Floating Offshore Wind Farms in Oregon: Principle Power to Build 150 Megawatt Wind Farm 10 Miles of the Coast
Principal Power Thinks Power is Blowing in the Wind
It isn’t just on the New Jersey shore where you’ll likely find a wind power farm to provide power to customers onshore. Across the nation in Oregon, renewable-project developer Principle Power is looking to raise $20 million in funding to create a 150-megawatt offshore wind park. The company is looking to build the offshore wind power plant off the Tillamook County coast in Oregon, and has already signed an agreement with the Tillamook Intergovernmental Development Agency. Principal Power will still need to through the process to secure permits, but will likely hold off until a buyer is found for the electricity produced from the offshore wind power farm. It is likely that a local utility would sign up to buy the resulting electricity produced. Cnet.com reports that the start-up firm, which has offices in Seattle and San Francisco, has already raised $2.3 million in convertible debt, where the lender takes stock in a company instead of repayment down the line, to pay for the project. The company was only founded in January of this year, and in June scored an exclusive license from Marine Innovation & Technology for WindFloat, a floating foundation to support offshore wind turbines. During Phase I of the project, a 5 Megawatt wind turbine will float in the ocean to prove the benefits and viability of the larger wind farm. Phase II is scheduled to begin in 2012 and hopefully provide customers in the Northwest United States.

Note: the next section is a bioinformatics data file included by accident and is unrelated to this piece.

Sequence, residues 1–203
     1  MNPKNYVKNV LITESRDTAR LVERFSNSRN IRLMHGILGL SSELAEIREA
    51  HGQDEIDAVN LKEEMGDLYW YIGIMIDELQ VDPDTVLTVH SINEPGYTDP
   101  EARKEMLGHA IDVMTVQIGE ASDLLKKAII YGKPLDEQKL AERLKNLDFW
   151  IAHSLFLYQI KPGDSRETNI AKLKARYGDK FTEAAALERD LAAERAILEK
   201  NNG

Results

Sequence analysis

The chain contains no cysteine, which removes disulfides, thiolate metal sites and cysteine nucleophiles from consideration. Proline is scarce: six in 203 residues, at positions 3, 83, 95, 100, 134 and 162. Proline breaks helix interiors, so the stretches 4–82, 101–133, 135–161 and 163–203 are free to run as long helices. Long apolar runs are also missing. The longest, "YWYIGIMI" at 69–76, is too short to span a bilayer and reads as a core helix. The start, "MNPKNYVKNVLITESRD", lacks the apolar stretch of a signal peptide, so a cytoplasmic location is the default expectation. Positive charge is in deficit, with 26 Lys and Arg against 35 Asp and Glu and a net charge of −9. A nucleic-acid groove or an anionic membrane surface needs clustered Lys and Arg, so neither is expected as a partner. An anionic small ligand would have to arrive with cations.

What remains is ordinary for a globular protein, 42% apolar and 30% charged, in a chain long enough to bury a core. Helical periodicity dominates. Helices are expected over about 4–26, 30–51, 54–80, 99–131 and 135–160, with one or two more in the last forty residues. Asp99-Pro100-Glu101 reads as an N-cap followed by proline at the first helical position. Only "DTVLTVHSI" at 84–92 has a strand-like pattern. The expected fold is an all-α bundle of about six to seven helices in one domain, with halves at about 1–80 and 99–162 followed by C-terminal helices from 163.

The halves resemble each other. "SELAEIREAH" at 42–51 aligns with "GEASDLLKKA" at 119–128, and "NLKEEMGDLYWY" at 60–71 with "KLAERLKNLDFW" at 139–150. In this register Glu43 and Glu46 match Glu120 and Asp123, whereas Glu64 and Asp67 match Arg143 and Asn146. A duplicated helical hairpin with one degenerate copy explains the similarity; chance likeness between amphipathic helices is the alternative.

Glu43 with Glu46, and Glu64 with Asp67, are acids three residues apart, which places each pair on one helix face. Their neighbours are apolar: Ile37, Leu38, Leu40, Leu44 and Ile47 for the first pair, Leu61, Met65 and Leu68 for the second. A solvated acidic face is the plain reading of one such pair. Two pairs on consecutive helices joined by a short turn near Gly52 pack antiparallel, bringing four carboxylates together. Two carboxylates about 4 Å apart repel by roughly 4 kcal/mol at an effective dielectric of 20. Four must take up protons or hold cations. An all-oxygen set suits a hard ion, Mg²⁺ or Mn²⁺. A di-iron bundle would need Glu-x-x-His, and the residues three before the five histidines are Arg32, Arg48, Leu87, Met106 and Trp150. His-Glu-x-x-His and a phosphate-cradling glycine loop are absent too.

Other Offshore Wind Parks in the Nation
And even as the aforementioned New Jersey project looks to go forward, it is worth noting that no American company has ever managed to actually build an offshore wind park. And in addition to the projects in Oregon and New Jersey, Bluewater Wind has announced plans to build a 200 megawatt power wind farm off the Delaware coast. All these projects could end up sinking however, as local opposition remains an obstacle to get past. Cape Wind had been looking to put wind turbines off the coast of Cape Cod, Massachusetts. But that project ran into the same type of troubles that have hindered efforts for onshore wind farms. Those are that the wind turbines would be unsightly and spoil the views, and of course harm local wildlife, namely birds. As we previously reported, even green technology has its opponents who are concerned about the environment.